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New Work Foundation helps raise churches right
Organization provides support to fledgling churches
Kenny Rice, Pastor of Set Free Church near Dahlonega, walks through the chicken house that has been converted to a church. With help from New Work Foundation, Rice was able to drill a well on the property and provide running water for the church. - photo by Tom Reed
New Work Foundation Golf Tournament
When: April 27
Where: Hammers Glen, Homer
How much: $100 per player
Contact: 770-532-3371

The New Work Foundation, a ministry of the Chattahoochee Baptist Association, has been a part of planting and financing several local churches for just a little more than two years.

The goal of the organization is to help new churches come to the area, and members of the group are ready to help any way they can, said Brian Rochester.

“We raise money to plant and to start new churches and that really is the gist of what we are all about,” said Rochester, chairman of the board of trustees of the New Work Foundation. “We partner with the people starting the church. In a lot of cases, it’s not just us giving the money.”

Rochester said along with helping financially, he will enlist the help of other New Work trustees to help the fledgling churches.

“I have a friend of mine that helps reviewing contracts. He’s a Realtor and he looks at contracts,” he said. “Many of them can’t afford that kind of expertise and these guys love it because then they are involved with something that has an internal purpose, using the skill set that they normally use in their job.”

According the CBA Web site, New Work exists to raise and distribute financial resources to new churches in the Chattahoochee Association. The initial three-year plan calls for an outlay of nearly $550,000 to traditional Anglo church plants, ethnic church plants, multi-housing church plants and home-cell network church plants.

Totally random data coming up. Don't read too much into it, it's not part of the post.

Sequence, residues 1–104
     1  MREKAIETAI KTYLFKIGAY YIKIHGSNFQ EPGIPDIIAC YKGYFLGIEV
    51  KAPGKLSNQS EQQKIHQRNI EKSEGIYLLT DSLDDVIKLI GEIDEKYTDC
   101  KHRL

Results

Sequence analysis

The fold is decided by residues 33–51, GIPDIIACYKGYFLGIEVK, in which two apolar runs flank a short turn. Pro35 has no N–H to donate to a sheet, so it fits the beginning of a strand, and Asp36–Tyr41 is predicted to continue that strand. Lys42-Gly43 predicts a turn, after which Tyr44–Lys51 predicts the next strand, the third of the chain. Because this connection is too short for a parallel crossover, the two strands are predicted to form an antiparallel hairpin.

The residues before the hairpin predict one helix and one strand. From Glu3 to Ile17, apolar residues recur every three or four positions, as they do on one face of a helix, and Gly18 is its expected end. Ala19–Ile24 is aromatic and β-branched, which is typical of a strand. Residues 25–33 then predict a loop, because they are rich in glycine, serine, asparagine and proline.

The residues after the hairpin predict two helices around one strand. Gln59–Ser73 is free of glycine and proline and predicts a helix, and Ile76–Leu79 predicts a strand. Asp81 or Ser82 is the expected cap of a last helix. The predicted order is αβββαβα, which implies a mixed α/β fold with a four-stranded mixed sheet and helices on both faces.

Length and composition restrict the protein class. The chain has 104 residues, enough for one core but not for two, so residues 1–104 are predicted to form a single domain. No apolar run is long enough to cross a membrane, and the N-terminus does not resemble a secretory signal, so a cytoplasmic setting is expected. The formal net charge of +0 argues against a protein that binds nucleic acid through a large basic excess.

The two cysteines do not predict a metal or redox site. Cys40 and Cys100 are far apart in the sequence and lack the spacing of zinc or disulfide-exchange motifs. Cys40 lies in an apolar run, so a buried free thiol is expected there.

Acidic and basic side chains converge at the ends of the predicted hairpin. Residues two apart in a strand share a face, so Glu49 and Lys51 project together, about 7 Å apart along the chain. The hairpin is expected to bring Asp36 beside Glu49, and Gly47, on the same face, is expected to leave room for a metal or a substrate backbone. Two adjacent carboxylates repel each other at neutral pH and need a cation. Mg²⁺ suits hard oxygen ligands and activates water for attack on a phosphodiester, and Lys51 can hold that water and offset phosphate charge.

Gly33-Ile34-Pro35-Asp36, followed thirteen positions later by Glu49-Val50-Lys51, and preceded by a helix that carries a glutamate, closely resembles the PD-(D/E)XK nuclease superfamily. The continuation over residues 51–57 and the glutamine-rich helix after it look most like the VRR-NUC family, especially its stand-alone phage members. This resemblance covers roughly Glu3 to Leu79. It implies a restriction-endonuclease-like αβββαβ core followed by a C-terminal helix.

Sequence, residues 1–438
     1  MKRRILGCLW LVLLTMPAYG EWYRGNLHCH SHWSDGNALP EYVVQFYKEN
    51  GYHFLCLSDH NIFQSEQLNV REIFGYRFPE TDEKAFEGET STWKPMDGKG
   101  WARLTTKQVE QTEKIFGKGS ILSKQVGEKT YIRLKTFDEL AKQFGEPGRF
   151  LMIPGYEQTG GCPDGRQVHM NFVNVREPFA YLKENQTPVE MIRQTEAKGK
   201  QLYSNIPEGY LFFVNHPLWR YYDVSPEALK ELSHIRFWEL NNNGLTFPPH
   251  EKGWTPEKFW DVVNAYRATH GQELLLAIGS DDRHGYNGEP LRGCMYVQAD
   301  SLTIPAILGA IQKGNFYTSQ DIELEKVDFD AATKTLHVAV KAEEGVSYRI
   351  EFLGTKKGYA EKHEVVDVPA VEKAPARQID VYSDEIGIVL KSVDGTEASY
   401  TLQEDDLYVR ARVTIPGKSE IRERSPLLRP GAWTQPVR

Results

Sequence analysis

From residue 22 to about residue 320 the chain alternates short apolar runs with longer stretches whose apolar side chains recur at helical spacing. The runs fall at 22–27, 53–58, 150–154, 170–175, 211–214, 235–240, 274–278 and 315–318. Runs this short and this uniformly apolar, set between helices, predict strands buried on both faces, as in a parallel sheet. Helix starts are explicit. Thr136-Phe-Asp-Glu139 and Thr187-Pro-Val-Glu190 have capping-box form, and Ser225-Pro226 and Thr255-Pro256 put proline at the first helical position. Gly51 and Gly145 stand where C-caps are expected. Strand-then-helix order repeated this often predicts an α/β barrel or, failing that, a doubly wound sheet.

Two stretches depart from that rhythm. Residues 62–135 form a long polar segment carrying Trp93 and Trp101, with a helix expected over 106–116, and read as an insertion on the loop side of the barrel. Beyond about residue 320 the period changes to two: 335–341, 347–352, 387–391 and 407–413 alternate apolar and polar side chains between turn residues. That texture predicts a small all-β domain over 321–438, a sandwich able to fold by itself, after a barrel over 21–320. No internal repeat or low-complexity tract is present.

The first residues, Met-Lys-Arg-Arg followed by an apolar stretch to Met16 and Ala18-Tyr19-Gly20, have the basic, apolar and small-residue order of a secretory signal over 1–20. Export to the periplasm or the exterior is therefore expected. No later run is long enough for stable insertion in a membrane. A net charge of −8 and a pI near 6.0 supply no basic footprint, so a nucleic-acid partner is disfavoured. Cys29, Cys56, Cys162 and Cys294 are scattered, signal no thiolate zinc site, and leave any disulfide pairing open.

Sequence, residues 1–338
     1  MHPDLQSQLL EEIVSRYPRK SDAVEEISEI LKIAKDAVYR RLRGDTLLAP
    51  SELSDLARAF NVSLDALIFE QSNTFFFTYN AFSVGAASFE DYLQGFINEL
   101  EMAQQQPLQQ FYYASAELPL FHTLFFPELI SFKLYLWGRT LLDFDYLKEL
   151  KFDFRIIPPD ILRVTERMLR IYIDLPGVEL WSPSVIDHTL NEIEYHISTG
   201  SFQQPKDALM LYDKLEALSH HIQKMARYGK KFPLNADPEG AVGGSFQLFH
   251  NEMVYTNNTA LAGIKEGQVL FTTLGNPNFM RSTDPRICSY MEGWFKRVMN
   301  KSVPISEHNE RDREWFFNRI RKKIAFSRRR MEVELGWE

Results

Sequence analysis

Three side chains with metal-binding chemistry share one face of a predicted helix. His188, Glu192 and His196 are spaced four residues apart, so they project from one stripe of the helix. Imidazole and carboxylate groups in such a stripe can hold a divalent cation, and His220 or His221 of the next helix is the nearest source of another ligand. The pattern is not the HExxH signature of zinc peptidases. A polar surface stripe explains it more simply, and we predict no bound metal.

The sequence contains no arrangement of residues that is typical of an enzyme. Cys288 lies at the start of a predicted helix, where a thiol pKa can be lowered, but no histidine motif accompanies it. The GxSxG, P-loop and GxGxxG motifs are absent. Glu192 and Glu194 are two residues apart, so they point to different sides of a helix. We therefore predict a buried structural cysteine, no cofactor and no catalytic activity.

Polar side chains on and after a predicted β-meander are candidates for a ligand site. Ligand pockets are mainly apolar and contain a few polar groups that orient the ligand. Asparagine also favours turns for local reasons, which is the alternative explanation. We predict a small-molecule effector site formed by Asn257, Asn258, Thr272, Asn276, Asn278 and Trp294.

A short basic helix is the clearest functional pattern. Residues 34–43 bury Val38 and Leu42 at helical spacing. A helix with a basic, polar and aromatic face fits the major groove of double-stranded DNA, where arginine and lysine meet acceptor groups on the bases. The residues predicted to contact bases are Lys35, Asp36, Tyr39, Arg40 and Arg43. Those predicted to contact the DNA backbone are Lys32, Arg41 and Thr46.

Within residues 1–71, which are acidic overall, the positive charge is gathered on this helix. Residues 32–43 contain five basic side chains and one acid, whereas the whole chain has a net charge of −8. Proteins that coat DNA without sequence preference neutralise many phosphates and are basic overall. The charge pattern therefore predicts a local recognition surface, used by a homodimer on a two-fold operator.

“It’s all about return on investment for me ... When I look outside the church I think one of the most effective ways of spreading the gospel and expanding the kingdom is church planting,” Rochester said. “Church growth is not keeping up with the growth of Hall County.”

The Rev. Jojo Thomas agreed that church planting is the way to spread the word today.

“Our biggest challenge that we have right now is finding church planters,” said Thomas, the Associational Missionary for the CBA. “Who are called to this work, have the gifts to do it and find out where those guys are and encourage them to come and invest their life here.”  

For the Rev. Kenny Rice, pastor of Set Free Church in Dahlonega, the New Work Foundation helped in many ways since he planted the “motorcycle church” a few years back, which set up shop in a dilapidated chicken house.

“When we got this property there was no water — we were sharing a spring from the neighbor. But the deal was that if the owner of this property ever sold it we wouldn’t use the spring anymore, so we had to drill a well,” Rice said. “So the New Work Foundation paid for a well over 800 feet deep here. It was like $13,000 that they paid so we could have water. Also, they helped us out with part of the down payment, several thousand dollars just to be able to buy this place. They have been really amazing to us, so we love those guys.”

The chicken house church now has running water and recently was equipped with new windows, also with help from New Work.

“If you ride down the road and see those chicken houses that are about to collapse, that’s how bad they were to start with,” Rice said. “We just went in and started building them up and now they look beautiful.

"Now there’s windows and there’s a new roof. It’s quite a different thing now.”

The foundation has also given financial help to Living Stone Church, Set Free and Lanier Hills Church. The foundation has helped eight to 10 churches in other ways since 2008.

“We don’t just bring money to the table,” Rochester said. “We don’t tell them how to run their church but we want somebody that wants to partner with us.”